12+ The sky-blue swell pounded the breakwater at Borthel on Sea in a steady rhythm. John gazed out at the mountains across the broad bay and drew a deep calming breath. The anxiety that had built up and wracked him in recent months and on his spontaneous long drive from the city eased its intensity.
John breathed out and turned to look back at the fishing village. Childhood memories of summer holidays at Borthel on Sea with his parents and sister swept through him.
At the end of the breakwater, the fisherman's market, where his mother bought fresh flapping fish for dinner. The pebbly beach where he and his sister played and paddled at the water's edge. And the driftwood bonfires his father lit on the beach in the evenings, where they toasted marshmallows.
Borthel on Sea looked run-down nowadays, with shops closed and buildings boarded up. But it hadn't been popular with holidaymakers back then, either. Rail and roads bypassed the village due to its unfavourable location on a kink in the coastline. The swirling seas outside the breakwater could be treacherous. And somehow, like the rail and roads, warm summer currents bypassed it, too, and the water always felt chilly.
Then there was the village name, Borthel, an easy target of innuendo and laughter, even by those less skilled at anagrams.
However, John's family had loved their annual holidays at Borthel on Sea. Far from the city's madding crowd and the tourists of more popular seaside destinations, its unpopularity perfectly suited his family.
John recalled one afternoon sitting with his father on the breakwater, staring out at the bay and mountains.
"You know, son," his father had said, putting his arm around John's shoulders, "I'd love to retire here."
But before their next holiday, John's father was lying under a marble headstone buried in a coffin. "A stress-related heart attack," a doctor had told John's mother. It left her a widow with two young children. She moved north to be nearer her family, and there were no more holidays at Borthel on Sea.
The years passed. After university, John followed in his father's footsteps in the city and started climbing the corporate ladder. He met and married Beth, a fellow high-flyer. They worked long hours and had little time for holidays.
Last month, John was offered another promotion, with more pay and responsibility. "It's a marvellous opportunity," Beth had congratulated him. But John wasn't sure. He felt anxious and stressed. He thought of his father and Borthel on Sea.
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John needed to call Beth. There was no mobile phone reception, so he crunched across the pebbly beach to a red telephone box.
"Beth, it's me. Guess where I am, Borthel on Sea." John heard Beth sobbing. "Look, I'm sorry. I should have called earlier. We need to talk. About the promotion. About life. Could you drive down here tomorrow? I'll find us a room."
"Oh, and the village shop's closed," John added. "Can you pick up some marshmallows?"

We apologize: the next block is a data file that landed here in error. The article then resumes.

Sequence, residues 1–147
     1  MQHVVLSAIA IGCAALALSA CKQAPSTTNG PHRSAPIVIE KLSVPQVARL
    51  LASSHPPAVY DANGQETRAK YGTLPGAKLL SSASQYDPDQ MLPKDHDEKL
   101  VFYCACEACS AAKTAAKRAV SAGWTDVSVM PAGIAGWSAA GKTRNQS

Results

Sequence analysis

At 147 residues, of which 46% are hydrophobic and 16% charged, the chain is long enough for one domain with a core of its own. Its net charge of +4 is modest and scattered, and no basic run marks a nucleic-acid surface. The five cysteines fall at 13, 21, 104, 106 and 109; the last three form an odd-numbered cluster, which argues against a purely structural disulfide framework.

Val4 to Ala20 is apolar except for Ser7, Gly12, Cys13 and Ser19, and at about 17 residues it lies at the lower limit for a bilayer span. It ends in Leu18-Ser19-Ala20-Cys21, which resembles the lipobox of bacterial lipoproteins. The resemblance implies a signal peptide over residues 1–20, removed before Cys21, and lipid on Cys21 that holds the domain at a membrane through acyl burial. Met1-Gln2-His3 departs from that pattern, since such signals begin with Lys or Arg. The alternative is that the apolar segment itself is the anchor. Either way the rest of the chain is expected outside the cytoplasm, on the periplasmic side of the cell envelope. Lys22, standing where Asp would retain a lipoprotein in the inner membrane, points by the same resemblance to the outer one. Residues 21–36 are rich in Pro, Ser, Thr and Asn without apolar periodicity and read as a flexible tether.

© 2021 Robert Fairhead
- The story must include the setting in a photo provided by the Writers' Centre.
- Being March, it must also have the MAR words MARKET, MARBLE, MARVELLOUS and MARSHMALLOW.
- And the final sentence must contain dialogue — i.e. someone speaking.
The photo provided with the brief was very similar to the Pixabay image used in this story, of a broad bay, possibly on the coast. There was a concrete and stone breakwater with boat ramps and mountains in the distance. And in the foreground of a pebbly beach sat a red public telephone box.
I gazed at the photo and reflected on my summer holidays. Of the favourite rundown places, I've visited over the years. And the quaint fishing villages of southwest England. I thought about how the hurly-burly of work can take over our lives and distance us from happy memories and places. And how we may not realise this is happening until it's too late!
In the story, John revisits Borthel on Sea, the scene of his happy childhood family holidays. It’s rundown now but always was unfashionable. However, John and his family had loved the quiet seaside village with its breakwater, fish market and chilly swims, and the pebbly beach where they had built bonfires and toasted marshmallows.
One afternoon on the breakwater, John’s father tells him he wants to retire to Borthel on Sea. But his father dies of a stress-related heart attack before the next summer, and there are no more family holidays at the village.
The adult John has followed in his father’s footsteps in the city, working long hours and climbing the corporate ladder. But he’s also feeling anxious and stressed and, like his father, is drawn back to Borthel on Sea.
I hope you enjoyed this seaside short story — perhaps it’s inspired you to toast marshmallows. Did you spot the MAR words (one’s a tasty giveaway!). And my use of the red telephone box for the final dialogue?
Please leave a review for Memories and Marshmallows below or click on my writer bio to contact me via Facebook, Twitter or email.
You might also like to read another of my recent Furious Fiction short stories, The Performance.
A middle-aged dad and dog owner, Robert Fairhead is an editor and writer at Tall And True, and blogs on his eponymous website, RobertFairhead.com.
His favourite pastimes include reading and writing, walking his dog, and watching Aussie Rules Football with his son.
Robert has worked as an electrician, a computer programmer, and a sales and marketing consultant, and he is the principal copywriter at Rocher Communications.
His book reviews and writing on dogs have appeared in newspapers and online. In 2020, Robert published his début collection of short stories, Both Sides of the Story. And in 2021, he published Twelve Furious Months, twelve short stories written for the Furious Fiction writing competition.